Video: Hillsborough County deputies rescue non-verbal child with autism from pond

A 4-year-old boy is safe after he was rescued from a pond by Hillsborough County deputies.

The Hillsborough County Sheriff’s Office says a concerned neighbor called 911 early Tuesday morning about a young child running across the street and into a nearby pond.

Deputies waded through deep, murky water and marshy weeds in a pond near Valleyridge Court.

They say they spotted the 4-year-old boy, who they later determined has autism and is nonverbal.


Deputies pulled the child from a pond in Hillsborough County. Image is courtesy of the Hillsborough County Sheriff's Office. 

Body camera footage from one of the deputies shows them climbing through muddy water to try to reach the boy.

The sheriff’s office says the boy was being kept afloat by cattails in the pond.

READ: New Port Richey athlete with autism invited to run Boston Marathon

Thankfully, they were able to reach the boy, pull him out of the water and carry him to safety.

A scene like this one is a nightmare, especially for a parent with a child with autism.

READ: Rapper with autism hopes to inspire inclusion with music video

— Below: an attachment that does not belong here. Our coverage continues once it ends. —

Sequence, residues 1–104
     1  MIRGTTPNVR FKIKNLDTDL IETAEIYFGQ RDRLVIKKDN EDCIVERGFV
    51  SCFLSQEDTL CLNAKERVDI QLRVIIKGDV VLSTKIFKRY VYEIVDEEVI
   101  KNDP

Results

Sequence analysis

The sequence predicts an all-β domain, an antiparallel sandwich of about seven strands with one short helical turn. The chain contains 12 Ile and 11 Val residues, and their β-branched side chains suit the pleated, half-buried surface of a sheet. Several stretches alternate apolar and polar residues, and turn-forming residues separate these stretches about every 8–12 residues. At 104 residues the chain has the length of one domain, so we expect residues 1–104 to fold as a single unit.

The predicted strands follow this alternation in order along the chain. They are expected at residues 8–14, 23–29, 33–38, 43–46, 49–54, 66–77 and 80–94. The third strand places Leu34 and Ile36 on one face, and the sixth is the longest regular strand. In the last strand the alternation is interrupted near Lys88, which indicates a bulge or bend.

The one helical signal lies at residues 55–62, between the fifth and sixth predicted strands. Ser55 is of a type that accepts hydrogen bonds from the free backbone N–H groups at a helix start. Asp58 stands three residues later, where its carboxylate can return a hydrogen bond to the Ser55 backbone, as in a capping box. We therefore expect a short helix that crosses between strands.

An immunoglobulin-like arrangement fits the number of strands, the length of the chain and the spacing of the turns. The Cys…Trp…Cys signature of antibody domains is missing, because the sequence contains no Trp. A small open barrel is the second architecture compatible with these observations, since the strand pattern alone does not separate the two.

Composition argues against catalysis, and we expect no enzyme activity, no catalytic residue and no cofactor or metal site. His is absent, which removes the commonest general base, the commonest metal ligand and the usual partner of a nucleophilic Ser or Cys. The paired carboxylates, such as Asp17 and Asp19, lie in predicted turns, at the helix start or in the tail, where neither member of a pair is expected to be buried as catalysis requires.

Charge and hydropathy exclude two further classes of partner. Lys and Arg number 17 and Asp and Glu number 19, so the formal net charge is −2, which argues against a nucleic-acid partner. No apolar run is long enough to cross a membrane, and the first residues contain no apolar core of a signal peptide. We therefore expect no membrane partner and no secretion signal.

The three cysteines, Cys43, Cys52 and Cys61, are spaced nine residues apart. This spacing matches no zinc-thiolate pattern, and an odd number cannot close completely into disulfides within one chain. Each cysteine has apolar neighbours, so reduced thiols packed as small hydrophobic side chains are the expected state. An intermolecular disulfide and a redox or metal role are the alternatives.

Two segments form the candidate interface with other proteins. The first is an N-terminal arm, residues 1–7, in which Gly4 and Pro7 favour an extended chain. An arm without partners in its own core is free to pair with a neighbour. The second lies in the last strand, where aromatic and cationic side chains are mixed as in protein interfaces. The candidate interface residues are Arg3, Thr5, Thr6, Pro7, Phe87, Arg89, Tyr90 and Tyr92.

Brittany Collins has an eight-year-old son of her own who has autism. She founded the organization, "Amauri’s World", to raise awareness, connect families with a loved one with autism and guide them to resources in the community.


The 4-year-old rescued is non-verbal and has autism. Image is courtesy of the Hillsborough County Sheriff's Office. 

"Kids with autism, adults with autism, they don't have a sense of danger," Collins said. "So what I've had to do is learn his cues, his mannerisms."

READ: St. Pete non-profit creates learning experience tailored to children with autism

Collins says she is constantly on high alert when she and her son, Amauri, go out.


A neighbor called 911 after spotting the child running across the street toward the pond. Image is courtesy of the Hillsborough County Sheriff's Office. 

"With him being non-verbal, he is most of the time he's not he's not saying anything," Collins said. "He may make noise, but having a non-verbal child who may like to wonder it can happen even faster because you may not even hear them wander away."

READ: Autism screening company expands to Florida in bid to shorten wait times

She says she feels like her worries are even more heightened, and tries to take as many safety precautions as possible.

Collins says being around water with a child with autism can be particularly dangerous.


A deputies dries off the child after he was rescued from the pond. Image is courtesy of the Hillsborough County Sheriff's Office. 

"Kids, with autism, with water, they are attracted to water because it is a sensory thing with them," Collins said. "It is calming to them. They like the sound of the water. They like how it looks, how it feels. So they go straight to the water, unfortunately."

HCSO deputies say the four-year-old boy who was rescued Tuesday is safe and was reunited with his family.